Ontario jails under pressure with Kingston Pen closure
Omnibus crime bill already putting pressure on province's resources, minister says
Ontario is blasting a federal plan to close down two prisons, including one in Kingston, even though the province is itself shutting down several jails to save money.
Correctional Services Minister Madeleine Meilleur said Thursday she was not happy about the announcement, saying the closure of the Kingston prison that holds killers Paul Bernardo and Russell Williams would put more strain on the provincial system.
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"We're already housing some of their inmates because they don't have space in their federal penitentiary and now they're closing one of their larger ones, so I don't understand their decision," she said.
The move, she added, was especially surprising after Ottawa introduced a tougher crime bill.
"With C-10, there'll be more people that are being put in jail so we'll need more beds so it's going to put pressure to the province because we are already housing some of their clients."
Meilleur has previously said the omnibus federal crime bill will cost Ontario more than $1 billion in increased police and court costs, and estimates it could add another 1,500 inmates to the provincial system by 2016.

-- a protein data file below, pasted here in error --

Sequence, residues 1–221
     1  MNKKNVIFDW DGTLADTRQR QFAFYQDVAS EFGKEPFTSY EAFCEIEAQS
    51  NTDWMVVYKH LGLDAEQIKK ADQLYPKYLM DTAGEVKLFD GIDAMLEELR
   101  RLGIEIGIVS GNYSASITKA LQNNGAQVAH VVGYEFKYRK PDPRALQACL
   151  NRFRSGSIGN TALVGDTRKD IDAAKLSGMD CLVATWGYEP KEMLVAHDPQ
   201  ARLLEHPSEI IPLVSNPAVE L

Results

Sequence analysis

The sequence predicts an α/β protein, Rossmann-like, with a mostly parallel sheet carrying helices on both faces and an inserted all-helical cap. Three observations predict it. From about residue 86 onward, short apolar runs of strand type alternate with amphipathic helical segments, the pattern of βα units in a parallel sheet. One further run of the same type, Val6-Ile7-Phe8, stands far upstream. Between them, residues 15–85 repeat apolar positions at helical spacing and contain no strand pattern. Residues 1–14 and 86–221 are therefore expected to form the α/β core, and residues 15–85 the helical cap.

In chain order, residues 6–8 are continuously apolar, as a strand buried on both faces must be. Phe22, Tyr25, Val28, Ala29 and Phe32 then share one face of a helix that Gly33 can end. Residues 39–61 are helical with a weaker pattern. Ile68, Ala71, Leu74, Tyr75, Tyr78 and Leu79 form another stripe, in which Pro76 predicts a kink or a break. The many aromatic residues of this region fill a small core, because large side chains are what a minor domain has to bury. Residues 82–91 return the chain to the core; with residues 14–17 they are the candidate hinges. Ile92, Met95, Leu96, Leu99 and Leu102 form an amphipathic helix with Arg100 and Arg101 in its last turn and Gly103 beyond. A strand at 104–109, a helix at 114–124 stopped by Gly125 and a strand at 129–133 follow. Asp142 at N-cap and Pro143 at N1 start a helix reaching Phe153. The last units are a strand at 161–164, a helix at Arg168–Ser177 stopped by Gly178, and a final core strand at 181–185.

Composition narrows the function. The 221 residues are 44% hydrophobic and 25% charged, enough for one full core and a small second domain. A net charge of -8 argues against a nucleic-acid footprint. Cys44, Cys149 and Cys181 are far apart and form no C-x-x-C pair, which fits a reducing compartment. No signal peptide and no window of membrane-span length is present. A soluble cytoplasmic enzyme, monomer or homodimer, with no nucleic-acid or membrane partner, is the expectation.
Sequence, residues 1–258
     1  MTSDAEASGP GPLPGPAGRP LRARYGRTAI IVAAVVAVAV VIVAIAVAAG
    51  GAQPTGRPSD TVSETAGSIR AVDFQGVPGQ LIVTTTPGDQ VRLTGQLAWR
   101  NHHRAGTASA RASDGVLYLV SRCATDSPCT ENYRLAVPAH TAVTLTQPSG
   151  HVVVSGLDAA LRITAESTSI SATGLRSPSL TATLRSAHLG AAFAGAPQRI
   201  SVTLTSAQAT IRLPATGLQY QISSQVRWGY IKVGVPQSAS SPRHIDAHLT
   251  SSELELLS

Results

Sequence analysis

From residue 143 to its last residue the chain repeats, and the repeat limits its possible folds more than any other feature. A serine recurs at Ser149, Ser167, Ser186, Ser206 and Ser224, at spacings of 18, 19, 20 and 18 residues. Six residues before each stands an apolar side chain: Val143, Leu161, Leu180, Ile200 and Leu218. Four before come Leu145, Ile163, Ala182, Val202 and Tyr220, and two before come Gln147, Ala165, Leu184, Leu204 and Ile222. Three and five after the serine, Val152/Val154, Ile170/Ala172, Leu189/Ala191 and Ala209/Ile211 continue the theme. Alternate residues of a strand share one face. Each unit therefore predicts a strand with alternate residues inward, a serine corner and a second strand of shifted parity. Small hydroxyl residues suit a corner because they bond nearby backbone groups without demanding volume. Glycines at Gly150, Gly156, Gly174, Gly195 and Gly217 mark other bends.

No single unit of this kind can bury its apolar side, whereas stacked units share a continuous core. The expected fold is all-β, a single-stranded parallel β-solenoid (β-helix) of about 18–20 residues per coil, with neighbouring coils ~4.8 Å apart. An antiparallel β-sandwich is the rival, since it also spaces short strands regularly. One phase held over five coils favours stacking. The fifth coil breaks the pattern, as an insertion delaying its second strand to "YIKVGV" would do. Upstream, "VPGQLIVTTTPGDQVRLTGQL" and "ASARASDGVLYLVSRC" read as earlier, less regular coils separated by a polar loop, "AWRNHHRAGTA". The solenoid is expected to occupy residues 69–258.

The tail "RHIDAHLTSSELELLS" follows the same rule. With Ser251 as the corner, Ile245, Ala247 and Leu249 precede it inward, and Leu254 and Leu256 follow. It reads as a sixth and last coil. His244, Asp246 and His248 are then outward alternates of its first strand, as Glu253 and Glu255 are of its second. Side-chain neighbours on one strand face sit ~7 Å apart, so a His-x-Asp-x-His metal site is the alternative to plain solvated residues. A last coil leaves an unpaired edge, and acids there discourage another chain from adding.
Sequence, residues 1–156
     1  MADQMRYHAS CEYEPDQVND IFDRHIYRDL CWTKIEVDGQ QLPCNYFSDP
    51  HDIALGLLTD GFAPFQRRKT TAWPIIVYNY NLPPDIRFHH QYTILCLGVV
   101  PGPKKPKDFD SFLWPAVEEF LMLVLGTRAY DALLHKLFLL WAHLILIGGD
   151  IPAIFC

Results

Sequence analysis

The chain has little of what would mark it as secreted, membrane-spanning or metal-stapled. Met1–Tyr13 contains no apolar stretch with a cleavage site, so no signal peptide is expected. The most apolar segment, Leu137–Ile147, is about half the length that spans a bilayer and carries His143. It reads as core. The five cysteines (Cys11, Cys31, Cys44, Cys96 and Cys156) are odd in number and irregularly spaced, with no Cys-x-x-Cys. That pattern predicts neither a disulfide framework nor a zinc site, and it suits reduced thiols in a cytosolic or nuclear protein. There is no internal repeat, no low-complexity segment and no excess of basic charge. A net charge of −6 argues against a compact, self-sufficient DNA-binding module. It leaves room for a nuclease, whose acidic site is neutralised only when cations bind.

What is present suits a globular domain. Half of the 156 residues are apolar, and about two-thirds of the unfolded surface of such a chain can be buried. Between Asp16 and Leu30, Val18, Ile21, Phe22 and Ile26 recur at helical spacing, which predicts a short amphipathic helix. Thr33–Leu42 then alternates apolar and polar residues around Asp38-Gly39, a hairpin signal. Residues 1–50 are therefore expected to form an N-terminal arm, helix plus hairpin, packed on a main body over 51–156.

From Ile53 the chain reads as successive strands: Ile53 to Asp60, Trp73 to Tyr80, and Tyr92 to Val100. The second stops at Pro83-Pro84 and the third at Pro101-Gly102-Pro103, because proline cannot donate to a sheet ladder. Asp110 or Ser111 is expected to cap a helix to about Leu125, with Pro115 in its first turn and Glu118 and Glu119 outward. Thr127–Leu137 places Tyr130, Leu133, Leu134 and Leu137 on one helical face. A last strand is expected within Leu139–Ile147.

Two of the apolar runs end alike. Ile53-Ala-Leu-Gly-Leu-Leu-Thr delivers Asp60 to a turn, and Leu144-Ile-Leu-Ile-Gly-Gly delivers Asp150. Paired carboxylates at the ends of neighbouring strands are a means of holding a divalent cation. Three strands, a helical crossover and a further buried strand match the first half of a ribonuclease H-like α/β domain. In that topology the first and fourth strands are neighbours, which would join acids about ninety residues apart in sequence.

Ontario prisons at 95% capacity
There are about 8,500 inmates in Ontario correctional facilities, which operate at about 95 per cent capacity.
Ontario Attorney General John Gerretsen, who represents the riding of Kingston, also expressed concern about the closure, even as he recognized the Kingston Penitentiary is Canada's oldest.
"We are good at the whole correctional service system, we've been operating locally, with employment, for over the last 150 years," he said.
"My main concern is that the jobs that might be at stake there will in effect be utilized at one of the other facilities or in a new facility."
Kingston now houses 346 inmates and has more than 460 employees, most of whom are expected to move jobs to other Kingston-area prisons.
Jails in GTA, Sarnia to be shut down
Critics made arguments similar to Meilleur’s and Gerretsen’s when the province closed jails in Owen Sound and Walkerton in December. They argued the cuts would spark major court delays, send transportation costs soaring and devastate rural communities.
The cash-strapped Liberals also plan to shut down a Sarnia jail, as well facilities in Brantford, Chatham and Toronto.
The government said the initial three closures would save $8 million a year by moving the inmates to newer and larger facilities in Windsor and Penetanguishene, north of Barrie.
Meilleur said at the time the jails were inefficient, old and in need of updating.
Thursday's federal announcement also includes the Leclerc prison near Montreal, and deals with two prisons Ottawa describes as old fashioned.
The Conservatives say the closures will save $120 million a year.